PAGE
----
I'm confused about how to properly and safely pass data from GUI elements on the event-dispatch-thread (EDT) to a SwingWorker that needs to interact with that data. I've followed the many examples on stackoverflow and around the web; no matter which way I try to write, it seems like I'm breaking the oath to never touch GUI elements from a different thread.

I'll try to illustrate my confusion with pseudocode.

I've got a JFrame with some swing elements to take input from user. User clicks a JButton, the JButton disables so user can't click it twice, and their input is passed to the SwingWorker in a background thread:

import javax.swing.*;
import java.awt.event.*;

class GUI implements Runnable{
    JFrame jFrame;
    JTextField userInputTextField;
    JButton beginLongTaskButton;

        //initialize the GUI elements, add them to JFrame, JPanel, etc.

        this.beginLongTaskButton = new JButton("Begin Task");
        this.beginLongTaskButton.addActionListener(a -> beginLongTask());//lambda sure is nice

    void beginLongTask(){
        this.beginLongTaskButton.setText("Doing your long task...");
        LongTaskWorker longTaskWorker = new LongTaskWorker(this.userInputTextField);//isn't this bad?

    public void run(){
        this.jFrame.setVisible(true);//blah blah

At this moment, the EDT should be just be sitting pretty, except for one problem: the SwingWorker was given some of the GUI elements via its constructor:

import javax.swing.*;

class LongTaskWorker extends SwingWorker<Void, Void>{
    JTextField userInputTextField;

    public LongTaskWorker(final JTextField userInputTextField){
        this.userInputTextField = userInputTextField;//the text field on EDT I'm not supposed to touch

    protected Void doInBackground() throws Exception{
        //read lots of stuff from JTextField in this Thread (the wrong thread)?
        //write? lots of stuff to JTextField in this Thread (the wrong thread)?
        //do lots of other stuff to JTextField?

        return null;

I've seen many people do something similar to this. I think even the JavaDoc SwingWorker example does it this way. But doesn't it mean I'm messing with objects on a different thread when I'm not supposed to? And does reading (not changing) the value of GUI components still violate the cross-threading rule? If my SwingWorker must frequently read data from GUI elements, won't that slow down the EDT?

Maybe the right thing to do is extract the data I need from the GUI elements within the EDT, then pass that extracted data to the SwingWorker? As opposed to directly passing the GUI element to the SwingWorker.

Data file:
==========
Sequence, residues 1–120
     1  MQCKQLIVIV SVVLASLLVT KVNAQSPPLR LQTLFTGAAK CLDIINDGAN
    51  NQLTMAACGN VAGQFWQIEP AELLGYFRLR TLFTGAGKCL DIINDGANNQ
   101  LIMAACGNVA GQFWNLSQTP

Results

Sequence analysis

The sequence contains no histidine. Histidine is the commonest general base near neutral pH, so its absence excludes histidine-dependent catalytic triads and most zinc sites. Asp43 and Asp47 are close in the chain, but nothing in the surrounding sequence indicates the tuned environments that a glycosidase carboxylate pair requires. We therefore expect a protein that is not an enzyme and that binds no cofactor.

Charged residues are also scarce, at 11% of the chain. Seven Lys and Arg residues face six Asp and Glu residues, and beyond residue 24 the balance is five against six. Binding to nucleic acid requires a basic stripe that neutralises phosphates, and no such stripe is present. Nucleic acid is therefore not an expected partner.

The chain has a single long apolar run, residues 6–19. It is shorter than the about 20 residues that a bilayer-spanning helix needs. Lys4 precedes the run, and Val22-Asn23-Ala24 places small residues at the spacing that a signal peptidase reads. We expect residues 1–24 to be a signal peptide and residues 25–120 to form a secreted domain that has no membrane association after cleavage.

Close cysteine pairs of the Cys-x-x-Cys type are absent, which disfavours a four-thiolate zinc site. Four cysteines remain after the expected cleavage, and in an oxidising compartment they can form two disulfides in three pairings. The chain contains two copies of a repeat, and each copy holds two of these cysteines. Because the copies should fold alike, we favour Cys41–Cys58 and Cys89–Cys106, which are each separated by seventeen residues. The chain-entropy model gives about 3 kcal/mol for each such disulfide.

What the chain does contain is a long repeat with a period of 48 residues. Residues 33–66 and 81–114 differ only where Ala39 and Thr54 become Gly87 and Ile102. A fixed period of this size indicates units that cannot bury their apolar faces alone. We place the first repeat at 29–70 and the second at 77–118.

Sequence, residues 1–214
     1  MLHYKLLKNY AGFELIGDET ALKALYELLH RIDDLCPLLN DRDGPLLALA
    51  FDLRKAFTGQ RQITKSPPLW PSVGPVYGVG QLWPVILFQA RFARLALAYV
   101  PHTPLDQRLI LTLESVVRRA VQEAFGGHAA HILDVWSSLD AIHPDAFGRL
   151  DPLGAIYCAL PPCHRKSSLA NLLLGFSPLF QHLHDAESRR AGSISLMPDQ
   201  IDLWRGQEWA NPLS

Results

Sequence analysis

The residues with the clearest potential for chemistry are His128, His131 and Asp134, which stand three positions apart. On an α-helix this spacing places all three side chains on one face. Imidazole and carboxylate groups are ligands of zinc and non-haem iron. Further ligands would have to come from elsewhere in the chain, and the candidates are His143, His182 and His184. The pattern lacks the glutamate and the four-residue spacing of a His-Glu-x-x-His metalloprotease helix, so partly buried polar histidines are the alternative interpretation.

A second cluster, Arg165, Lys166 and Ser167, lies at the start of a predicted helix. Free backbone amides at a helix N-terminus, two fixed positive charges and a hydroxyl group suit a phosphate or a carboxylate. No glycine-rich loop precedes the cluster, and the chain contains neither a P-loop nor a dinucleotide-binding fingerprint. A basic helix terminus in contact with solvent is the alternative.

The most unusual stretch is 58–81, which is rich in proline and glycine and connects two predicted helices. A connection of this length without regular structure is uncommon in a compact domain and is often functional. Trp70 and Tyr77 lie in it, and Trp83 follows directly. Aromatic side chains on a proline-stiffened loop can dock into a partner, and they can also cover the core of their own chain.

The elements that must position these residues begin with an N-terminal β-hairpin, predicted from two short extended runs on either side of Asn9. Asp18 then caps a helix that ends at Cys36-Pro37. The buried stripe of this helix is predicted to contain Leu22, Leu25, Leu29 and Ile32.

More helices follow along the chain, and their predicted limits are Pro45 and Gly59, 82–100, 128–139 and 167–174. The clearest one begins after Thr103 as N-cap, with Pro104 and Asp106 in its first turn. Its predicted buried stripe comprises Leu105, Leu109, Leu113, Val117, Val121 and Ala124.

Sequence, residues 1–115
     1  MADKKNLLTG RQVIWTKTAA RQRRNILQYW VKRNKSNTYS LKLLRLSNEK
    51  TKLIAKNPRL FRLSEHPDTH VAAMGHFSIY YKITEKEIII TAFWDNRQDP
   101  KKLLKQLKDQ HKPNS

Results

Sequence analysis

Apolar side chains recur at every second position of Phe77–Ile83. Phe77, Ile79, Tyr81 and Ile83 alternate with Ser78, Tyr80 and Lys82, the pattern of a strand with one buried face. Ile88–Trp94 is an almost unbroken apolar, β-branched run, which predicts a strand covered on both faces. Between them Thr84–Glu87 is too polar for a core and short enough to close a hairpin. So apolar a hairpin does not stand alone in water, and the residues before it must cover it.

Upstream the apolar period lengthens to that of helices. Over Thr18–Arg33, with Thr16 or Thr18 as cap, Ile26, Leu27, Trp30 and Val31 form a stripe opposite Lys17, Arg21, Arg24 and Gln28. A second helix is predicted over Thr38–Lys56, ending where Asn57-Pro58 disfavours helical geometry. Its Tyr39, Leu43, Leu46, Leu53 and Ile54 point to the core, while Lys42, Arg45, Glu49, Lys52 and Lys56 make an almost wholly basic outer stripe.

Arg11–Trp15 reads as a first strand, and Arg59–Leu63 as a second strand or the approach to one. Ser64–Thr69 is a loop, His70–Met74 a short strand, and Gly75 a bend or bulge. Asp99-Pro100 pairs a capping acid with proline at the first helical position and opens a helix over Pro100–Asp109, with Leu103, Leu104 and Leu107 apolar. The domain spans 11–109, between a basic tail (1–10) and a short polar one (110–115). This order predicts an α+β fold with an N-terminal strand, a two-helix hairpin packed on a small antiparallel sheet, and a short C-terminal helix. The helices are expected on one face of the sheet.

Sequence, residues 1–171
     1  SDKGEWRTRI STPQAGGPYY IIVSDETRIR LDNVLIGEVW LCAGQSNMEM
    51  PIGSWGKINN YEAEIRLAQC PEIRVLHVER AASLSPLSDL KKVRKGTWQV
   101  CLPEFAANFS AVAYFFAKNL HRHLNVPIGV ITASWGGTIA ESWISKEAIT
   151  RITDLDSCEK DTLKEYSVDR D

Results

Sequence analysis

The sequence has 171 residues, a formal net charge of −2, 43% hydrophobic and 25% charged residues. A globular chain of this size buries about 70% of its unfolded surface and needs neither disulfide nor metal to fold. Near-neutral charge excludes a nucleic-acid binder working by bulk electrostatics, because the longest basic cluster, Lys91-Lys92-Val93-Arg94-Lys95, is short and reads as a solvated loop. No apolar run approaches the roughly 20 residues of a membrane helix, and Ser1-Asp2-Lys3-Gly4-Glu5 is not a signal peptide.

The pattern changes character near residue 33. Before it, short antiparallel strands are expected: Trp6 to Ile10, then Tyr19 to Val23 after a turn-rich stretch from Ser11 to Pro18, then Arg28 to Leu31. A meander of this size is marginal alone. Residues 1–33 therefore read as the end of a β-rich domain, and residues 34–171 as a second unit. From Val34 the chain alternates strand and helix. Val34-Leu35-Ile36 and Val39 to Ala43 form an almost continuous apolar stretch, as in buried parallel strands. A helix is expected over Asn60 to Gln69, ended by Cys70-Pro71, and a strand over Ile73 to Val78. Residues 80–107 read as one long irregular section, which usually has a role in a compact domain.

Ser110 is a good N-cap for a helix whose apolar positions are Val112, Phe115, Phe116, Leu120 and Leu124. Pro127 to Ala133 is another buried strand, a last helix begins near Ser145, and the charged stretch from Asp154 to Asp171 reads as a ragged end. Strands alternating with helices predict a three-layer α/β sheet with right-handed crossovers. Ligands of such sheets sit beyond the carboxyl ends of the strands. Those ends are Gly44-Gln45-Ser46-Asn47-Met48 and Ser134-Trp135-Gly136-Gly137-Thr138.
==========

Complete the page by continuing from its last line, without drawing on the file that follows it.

• 2
    Instead of passing the TextField, just pass its value and you're done. – Fildor Sep 14 '15 at 7:53
  • Thanks for your reply. By passing "its value," do you mean passing jTextField.getText()? I think this is what I mean by the last question I asked in my post. In my actual program I have 81 JTextFields that I've added to a HashMap, and that's what I need to pass and work with. – Yankee Sep 14 '15 at 8:06
  • Exactly. Just pass the String from getText(). You need to pass the Hashmap? Could you explain that a little more detailed? – Fildor Sep 14 '15 at 10:29
  • Sure. I'm working on a Sudoku puzzle solver, starting with the user interface. I don't know if you're familiar with Sudoku, but there are 9 rows and 9 columns of squares in which to write the numbers 1 through 9. I decided to make a HashMap<Integer, JTextField>(). The keys are integers 0 through 80 to identify a specific cell, and the values are the JTextFields on the GUI where the user inputs their data. This is the HashMap I was passing to the SwingWorker. I suppose I'll just make a new HashMap<Integer, String>() where the Strings are the JTextField.getText()'s, and pass that to SwingWorker – Yankee Sep 14 '15 at 21:27
  • It just feels like I could do this a better way. Also, please consider making your first comment an answer to my question. I'll mark it as correct in a couple days. – Yankee Sep 14 '15 at 21:28

I think what you actually might want is a Model for your View. That is: The View as name suggests is your GUI and its elements - the JTextFields. Your Model would be a backing Map of the 81 Values. Now if you want to compute something on it, you'd pass the backing Map to that method (SwingWorker). If something changes the backing Model, an Event should trigger the GUI to refresh (load values from Model). If the user changes a value in the GUI, that change should be made through a controller. It in turn changes the Model and initiates the Change-Event.

This way you also can avoid feedback-loops.

You can read about this concept looking for "MVC" or "Model View Controller".

  • I'd never heard of this MVC kind of design strategy, but you opened up a whole new world of possibilities to accomplish what I want. I have a bit of learning to do about this, it looks really cool. Thanks very much for your suggestion! I'll eventually mark your answer correct if it works. – Yankee Sep 25 '15 at 2:41

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